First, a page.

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nish town, and great pearl-fishery. Herrera, dec. 6. lib. IX.
An. 1542, John Francis de la Roche, lord of Roberval, whom Francis I. king of France had constituted his lieutenant in the countries of Canada, Saguenay, and Hochelaga, sailed from Rochelle with three ships, and in them two hundred persons, as well women as men, on the sixteenth of April; and by reason of contrary winds did not reach Newfoundland till the seventh of June. Here he made some stay to refit, and there came into the same port James Cartier with all his company, who we mentioned went into Canada two years before. He left the country because he was too weak to withstand the natives; and Roberval commanding him now to return with him who had strength enough, he stole away in the night, and returned into France. The last of June the general sailed out of port S. John in Newfoundland, and ran up the river of Canada, till four leagues above the island of Orleans, the place now called Quebec. Finding here a convenient harbour, he landed and erected a strong and beautiful fort, into which he conveyed his men, provisions, and all necessaries, sending two ships back into France with the account of his proceedings. Being settled in this place they suffered much hardship, their provisions falling short, but were relieved by the natives. Roberval took a journey into the country of Saguenay to discover, but we have no particulars of this his expedition. Hackluyt, vol. III. p. 240.
The same year, 1542, D. Antony de Mendoza, viceroy of Mexico, fitted out two ships on the coast of the South-sea to discover to the northward, under the command of John Rodriguez Cabrillo a Portuguese. He sailed from the port of Navidad on the twenty-seventh of June, and on the twentieth of August came up with cape Engano on the back of California in 31 degrees of latitude, where Cortes his discoverers had been before. September the fourteenth they anchored at a cape they called de la Cruz, or of the cross, in 33 degrees of latitude. October the tenth they traded with some peaceable Indians in 35 degrees 20 minutes, and called those
the towns of the canoes, because they saw many there. On the eighteenth of the said month they anchored at cape Galera, and above it in a port they called Of Possession, trading with the natives, who go naked, have their faces painted in chequers, and are all fishermen. From this time they had many storms, which obliged them to turn back to the island Of Possession, where they continued many days by reason of the foul weather. At length they put to sea again, and sailed to the northward as far as 44 degrees, where the cold was so intense they could not bear it; and their provisions now failing, they returned to New-Spain; having sailed further to the northward, than any had done on that side. Herrera, dec. 7. lib. V.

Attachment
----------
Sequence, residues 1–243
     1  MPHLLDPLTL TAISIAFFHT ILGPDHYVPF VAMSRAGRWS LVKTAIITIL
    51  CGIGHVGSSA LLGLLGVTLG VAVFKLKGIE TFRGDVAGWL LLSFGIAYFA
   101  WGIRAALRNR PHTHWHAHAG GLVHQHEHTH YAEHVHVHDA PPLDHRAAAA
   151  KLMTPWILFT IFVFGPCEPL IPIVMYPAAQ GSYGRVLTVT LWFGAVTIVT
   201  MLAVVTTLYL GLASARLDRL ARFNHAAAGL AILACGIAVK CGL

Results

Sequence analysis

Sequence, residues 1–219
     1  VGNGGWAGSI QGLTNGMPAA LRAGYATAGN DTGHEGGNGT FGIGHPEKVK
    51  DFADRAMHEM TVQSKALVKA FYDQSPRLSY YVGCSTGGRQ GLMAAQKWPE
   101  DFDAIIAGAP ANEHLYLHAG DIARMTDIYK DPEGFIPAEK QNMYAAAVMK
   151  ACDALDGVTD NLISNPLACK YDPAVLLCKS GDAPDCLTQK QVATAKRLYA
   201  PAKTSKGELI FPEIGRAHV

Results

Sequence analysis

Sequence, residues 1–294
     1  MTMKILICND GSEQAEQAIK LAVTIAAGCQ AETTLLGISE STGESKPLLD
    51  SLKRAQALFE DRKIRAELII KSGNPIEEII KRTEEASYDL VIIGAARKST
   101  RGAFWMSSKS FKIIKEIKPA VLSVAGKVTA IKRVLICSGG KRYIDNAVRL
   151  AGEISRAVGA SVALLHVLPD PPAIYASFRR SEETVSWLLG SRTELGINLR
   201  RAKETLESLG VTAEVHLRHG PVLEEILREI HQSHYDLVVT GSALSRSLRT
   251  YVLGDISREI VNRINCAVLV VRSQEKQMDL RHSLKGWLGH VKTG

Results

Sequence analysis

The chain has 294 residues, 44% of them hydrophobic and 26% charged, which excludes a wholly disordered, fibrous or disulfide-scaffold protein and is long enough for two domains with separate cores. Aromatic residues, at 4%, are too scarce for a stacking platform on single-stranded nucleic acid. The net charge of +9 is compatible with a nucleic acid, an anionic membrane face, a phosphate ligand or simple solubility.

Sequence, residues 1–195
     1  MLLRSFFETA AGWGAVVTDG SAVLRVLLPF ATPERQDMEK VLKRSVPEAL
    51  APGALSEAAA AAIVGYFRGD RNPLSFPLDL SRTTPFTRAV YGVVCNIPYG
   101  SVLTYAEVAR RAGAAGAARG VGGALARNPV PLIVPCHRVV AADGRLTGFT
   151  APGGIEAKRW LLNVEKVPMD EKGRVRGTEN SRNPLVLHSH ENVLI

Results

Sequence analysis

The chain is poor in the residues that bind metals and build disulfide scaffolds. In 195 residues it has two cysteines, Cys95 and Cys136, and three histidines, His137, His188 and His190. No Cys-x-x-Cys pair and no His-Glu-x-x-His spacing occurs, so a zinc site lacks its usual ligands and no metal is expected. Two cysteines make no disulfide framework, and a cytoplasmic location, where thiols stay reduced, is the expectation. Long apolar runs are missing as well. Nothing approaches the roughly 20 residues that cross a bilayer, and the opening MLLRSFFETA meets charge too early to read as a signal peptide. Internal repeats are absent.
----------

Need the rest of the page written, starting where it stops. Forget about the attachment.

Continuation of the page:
An. 1543. The viceroy last mentioned gave the command of two ships, a galley, and two small tenders, to Ruy Lopez de Villalobos, to discover the islands to the westward. He sailed from the coast of New-Spain on the first of November, and having run a hundred and eighty leagues in 18 degrees and a half of latitude, came to two desart islands about twelve leagues distant from one another, which he called S. Thoma and Anublada. Eighty leagues further they saw another, and called it Roca Portida. Seventy-two leagues beyond it they found an Archipelago of small islands inhabited by a poor people, where they watered; and on the sixth of January passed by ten other islands, which for their pleasantness they called the Gardens, all of them in about 9 or 10 degrees of latitude. January the 10th, after a great storm, in which they lost their galley, they discovered another island, from which some Indians came in boats making the sign of the cross, and bidding them good-morrow in Spanish. February thẹ second they came to an island they called Cæsarea Caroli, about fifteen hundred leagues from New-Spain, where Villalobos would have planted a colony, but forbore because the place was unwholesome. This island by its bigness, for he coasted along it sixty leagues to the south, must be Luzon or Manila, the biggest of the Philippines, and he says it is three hundred and fifty leagues in compass. In a small island near to it
he found China ware, musk, amber, civet, benjamin, storax, and other perfumes, as also some gold. Here they resolved to stay, and sowed some grain, which being little they were reduced to extremity. Hence they removed to the island of Gilolo near the Moluccos, at the invitation of the king of it; whence they sent two ships at several times to carry news of them to New-Spain, which were both forced back by contrary winds. Between the Moluccos and Philippine islands the Spaniards were long tossed, sometimes removing to one, sometimes to another, ever persecuted by the Portugueses, and suffering great wants; till being quite spent and without hopes of relief, they put themselves into the hands of the Portugueses, and were by them sent through India into Spain. Herrera, dec. 7. lib. V.